What might it look like when a teacher works to support students in making connections between their math work, themselves, and the community/world in which they live? We invited a teacher from one of our partnering districts to share stories from their classroom and reflect on the impact connection-making has had on students.
A book vending machine was introduced to inspire readers at a Texas elementary school and now students are reading at a record pace.
Educators and schools whose students have high average achievement tend to be given a lot of freedom whereas educators and schools whose students have low average achievement are given little freedom. In this article, Chris Schunn, an LRDC senior scientist, shares that in his experience, this approach tends to have many negative consequences, and the net effect is to amplify inequities.
A simple question sparked big changes in Nashville. By challenging the thinking of adults, educators can discover new approaches and consider ways to refine their existing approaches to challenge the thinking of their students.
The Science of Reading seems to be everywhere, from literacy research journals to mainstream media outlets. A recent Google search of the science of reading yielded over 4 billion results. Much of what we see and hear focuses on how to support children in their ability to decode words and the importance of systematic phonics instruction. But is that all there is to it? Check out this article to learn more the science of reading, an approach that prioritizes basic science with a scope that encompasses more than just phonics.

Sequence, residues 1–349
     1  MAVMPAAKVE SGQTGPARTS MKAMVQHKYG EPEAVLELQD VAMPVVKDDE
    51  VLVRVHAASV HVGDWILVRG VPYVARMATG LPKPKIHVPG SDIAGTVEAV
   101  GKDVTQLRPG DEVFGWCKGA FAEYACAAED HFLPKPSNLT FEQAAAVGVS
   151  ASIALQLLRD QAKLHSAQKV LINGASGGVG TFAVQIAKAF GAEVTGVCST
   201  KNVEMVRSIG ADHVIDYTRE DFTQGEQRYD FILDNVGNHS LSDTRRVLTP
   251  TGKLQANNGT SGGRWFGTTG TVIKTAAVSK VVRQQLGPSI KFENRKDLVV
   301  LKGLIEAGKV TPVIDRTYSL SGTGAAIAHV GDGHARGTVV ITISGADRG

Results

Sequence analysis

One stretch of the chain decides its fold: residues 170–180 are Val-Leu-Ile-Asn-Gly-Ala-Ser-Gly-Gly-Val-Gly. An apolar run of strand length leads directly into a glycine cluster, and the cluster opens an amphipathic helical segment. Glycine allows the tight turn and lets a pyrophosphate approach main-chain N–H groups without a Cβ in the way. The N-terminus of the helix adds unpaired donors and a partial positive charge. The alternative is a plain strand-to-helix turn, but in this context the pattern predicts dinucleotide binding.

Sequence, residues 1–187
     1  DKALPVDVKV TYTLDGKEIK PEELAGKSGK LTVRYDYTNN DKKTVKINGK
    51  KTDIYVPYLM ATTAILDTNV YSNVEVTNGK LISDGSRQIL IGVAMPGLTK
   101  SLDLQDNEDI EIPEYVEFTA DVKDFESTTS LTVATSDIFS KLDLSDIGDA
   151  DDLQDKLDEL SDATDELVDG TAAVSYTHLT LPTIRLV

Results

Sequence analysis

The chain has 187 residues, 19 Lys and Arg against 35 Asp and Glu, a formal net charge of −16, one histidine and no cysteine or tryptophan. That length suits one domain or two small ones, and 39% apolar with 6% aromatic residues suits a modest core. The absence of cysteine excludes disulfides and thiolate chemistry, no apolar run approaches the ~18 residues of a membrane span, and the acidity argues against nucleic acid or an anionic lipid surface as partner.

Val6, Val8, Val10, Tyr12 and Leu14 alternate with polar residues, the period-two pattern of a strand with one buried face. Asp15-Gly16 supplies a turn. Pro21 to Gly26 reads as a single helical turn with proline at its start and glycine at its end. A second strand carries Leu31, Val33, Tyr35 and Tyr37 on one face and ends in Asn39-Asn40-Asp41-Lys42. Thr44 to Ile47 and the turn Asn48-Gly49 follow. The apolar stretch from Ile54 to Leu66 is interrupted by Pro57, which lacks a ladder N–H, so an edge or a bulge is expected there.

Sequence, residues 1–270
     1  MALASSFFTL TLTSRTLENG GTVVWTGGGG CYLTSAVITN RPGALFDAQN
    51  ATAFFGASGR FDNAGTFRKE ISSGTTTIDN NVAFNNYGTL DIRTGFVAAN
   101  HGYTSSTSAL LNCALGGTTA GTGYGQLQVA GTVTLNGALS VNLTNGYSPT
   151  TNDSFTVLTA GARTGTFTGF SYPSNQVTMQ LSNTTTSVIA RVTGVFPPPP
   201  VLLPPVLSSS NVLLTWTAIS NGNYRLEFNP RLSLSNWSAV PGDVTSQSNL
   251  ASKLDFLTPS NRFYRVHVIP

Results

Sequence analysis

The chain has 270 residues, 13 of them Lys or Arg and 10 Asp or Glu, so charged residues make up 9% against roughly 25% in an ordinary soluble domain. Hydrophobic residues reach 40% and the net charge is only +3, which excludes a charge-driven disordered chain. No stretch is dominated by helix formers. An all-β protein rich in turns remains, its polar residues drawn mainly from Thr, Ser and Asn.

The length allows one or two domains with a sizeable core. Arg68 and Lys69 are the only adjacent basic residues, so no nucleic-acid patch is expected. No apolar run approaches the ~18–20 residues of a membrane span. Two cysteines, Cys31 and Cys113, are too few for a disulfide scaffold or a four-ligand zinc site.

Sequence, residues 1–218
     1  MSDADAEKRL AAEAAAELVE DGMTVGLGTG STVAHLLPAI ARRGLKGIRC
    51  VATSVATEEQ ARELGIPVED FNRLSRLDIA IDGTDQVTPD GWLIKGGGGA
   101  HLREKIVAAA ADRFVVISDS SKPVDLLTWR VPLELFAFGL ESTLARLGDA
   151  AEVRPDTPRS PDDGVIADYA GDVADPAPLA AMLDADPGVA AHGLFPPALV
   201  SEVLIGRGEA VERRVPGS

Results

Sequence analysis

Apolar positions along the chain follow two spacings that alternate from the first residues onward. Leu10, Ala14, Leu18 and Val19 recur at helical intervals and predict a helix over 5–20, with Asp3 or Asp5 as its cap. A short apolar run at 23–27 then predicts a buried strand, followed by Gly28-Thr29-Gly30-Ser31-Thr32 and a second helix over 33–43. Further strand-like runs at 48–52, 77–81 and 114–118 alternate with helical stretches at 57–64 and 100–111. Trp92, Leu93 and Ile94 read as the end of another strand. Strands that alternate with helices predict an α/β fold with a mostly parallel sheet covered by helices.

It is common in ELA classrooms for students to leverage relational thinking around text-to-text, text-to-self, and text-to-world connections. What does this kind of relational thinking look like in math class and how can it benefit students? This article, the second in the series, uses classroom scenarios to look at how these connections provide opportunities for students to become stronger mathematicians and for teachers to implement more equitable teaching practice.
“To prepare students for college, career, and community success”
Lots of school districts include some version of this line as part of their core purpose—and with good reason! So, with college application season upon us, now is a good time to consider college costs.